The thing is that armed police are mostly visible by contrast. The reality is that gun crime is not at all common in Britain, even in London. As flawed as police use of firearms might be in this country, I'm rather glad we don't arm every officer (although we do in Northern Ireland, because of the late unpleasantness). To quote Marcus Brigstocke, one of the things I love about this country is that when we give a policeman a gun, he has the decency to look nervous. And I'd still rather have armed police responding to these sorts of incidents than the army. Theoretically, the government can still let the SAS off the leash to resolve an armed incident, as they did in the Iranian embassy siege. That they haven't needed to is a success for police firearms units, and that gun crime is as low as it is is a success for not arming the balance of police officers. It's an idiosyncratic system, but on the whole, I think it works rather well. And I'm not just saying that because I'm about to savage SO19's reputation in the next paragraph, and they are angry men with guns.
Thing is, amongst Londoners, SO19 does have a reputation, and it's not as stalwart defenders of freedom. This is partly because they're only ever in the news when they accidentally put 3000 rounds of JHP into an orphanage for sad kittens, but things like that can happen. I still think the chances of police shooting the wrong person are extremely low, and would be far higher if we armed all police, but hopefully you'll agree that one is too many. With that in mind, I present a childrens' treasury of mistaken police shootings in London, and the judicial consequences:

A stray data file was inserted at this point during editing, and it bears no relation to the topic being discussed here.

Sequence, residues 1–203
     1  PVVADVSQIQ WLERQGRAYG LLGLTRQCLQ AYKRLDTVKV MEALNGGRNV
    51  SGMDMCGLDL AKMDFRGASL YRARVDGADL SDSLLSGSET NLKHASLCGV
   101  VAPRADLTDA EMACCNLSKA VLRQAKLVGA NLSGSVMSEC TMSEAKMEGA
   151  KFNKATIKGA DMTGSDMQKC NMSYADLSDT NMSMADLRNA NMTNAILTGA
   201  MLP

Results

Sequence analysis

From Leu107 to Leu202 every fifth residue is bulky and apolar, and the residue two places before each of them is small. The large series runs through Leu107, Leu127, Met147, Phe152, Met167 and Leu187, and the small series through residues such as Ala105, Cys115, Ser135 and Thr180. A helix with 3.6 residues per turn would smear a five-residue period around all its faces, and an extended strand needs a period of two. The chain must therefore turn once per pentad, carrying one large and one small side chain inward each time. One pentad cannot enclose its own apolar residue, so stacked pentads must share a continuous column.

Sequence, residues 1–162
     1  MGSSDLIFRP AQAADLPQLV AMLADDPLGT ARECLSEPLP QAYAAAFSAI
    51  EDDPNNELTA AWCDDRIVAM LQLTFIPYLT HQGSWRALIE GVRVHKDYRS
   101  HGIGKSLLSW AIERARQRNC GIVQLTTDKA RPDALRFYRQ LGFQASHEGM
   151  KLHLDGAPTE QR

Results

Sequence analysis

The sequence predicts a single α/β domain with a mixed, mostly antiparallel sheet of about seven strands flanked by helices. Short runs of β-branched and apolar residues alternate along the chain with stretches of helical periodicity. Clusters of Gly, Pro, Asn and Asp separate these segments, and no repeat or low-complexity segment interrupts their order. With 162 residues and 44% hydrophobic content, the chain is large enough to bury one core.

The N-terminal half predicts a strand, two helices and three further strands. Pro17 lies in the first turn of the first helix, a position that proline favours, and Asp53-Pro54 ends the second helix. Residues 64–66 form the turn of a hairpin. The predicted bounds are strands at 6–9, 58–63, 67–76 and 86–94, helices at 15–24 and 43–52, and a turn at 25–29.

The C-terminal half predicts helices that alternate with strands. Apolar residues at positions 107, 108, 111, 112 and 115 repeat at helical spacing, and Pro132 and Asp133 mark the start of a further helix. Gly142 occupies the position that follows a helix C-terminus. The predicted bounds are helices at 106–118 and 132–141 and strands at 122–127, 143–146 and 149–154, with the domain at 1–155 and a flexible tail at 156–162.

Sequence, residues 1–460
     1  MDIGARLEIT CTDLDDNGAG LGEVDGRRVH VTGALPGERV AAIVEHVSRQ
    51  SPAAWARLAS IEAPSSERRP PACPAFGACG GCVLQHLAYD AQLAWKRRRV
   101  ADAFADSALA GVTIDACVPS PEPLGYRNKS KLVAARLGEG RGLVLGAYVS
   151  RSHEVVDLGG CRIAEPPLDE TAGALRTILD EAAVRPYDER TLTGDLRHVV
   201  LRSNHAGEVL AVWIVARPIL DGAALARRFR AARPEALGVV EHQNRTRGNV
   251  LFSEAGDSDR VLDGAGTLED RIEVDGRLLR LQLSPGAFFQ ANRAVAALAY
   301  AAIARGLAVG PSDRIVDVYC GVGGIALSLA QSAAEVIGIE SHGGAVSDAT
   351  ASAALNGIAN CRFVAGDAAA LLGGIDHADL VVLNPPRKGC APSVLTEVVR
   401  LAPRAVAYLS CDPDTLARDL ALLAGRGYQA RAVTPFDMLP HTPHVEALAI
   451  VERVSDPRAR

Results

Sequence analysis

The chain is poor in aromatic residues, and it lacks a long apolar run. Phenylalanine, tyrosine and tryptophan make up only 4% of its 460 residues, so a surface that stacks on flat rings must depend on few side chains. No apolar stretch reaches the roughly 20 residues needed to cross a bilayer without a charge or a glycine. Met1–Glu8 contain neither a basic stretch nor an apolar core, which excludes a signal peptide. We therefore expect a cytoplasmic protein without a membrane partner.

Stephen Waldorf. A film editor shot and wounded by police in 1983 after being mistaken for an escaped convict. Armed police were following his car in traffic on the basis of this mistaken identity. He allegedly reached for something in his car as one of the officers walked past on the street. Officers then fired 13 rounds at the car. To finish off a class act, the first officer leaned into the car, aimed his pistol at Waldorf, said "Okay, cocksucker," and attempted to shoot him. Finding himself out of ammunition, he contented himself with pistol-whipping Waldorf (who had by this point been shot five times) into unconsciousness. Waldorf survived, and was given £150,000 in compensation. Two of the officers involved stood trial for attempted murder and wounding, but were cleared of all charges.
Cherry Groce. A mother of six, shot and paralysed by police raiding her house to search for her wanted son. Her shooting sparked a riot in Brixton. The officer who had shot her was prosecuted, but ultimately acquitted.